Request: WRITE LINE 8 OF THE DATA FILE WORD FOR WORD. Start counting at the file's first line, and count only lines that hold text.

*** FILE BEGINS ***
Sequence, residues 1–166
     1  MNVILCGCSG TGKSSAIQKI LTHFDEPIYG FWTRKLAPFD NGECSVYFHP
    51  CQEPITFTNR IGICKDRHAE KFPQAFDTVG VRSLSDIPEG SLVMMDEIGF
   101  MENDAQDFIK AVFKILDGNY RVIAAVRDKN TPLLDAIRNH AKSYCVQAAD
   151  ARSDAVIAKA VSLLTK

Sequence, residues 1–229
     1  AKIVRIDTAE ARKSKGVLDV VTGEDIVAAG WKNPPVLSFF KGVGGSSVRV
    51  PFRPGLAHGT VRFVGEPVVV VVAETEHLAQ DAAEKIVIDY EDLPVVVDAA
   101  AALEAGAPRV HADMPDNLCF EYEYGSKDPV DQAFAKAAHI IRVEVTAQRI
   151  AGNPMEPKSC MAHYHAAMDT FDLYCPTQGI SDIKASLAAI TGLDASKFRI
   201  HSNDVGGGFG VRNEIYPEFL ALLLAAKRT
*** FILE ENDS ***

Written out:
    51  PFRPGLAHGT VRFVGEPVVV VVAETEHLAQ DAAEKIVIDY EDLPVVVDAA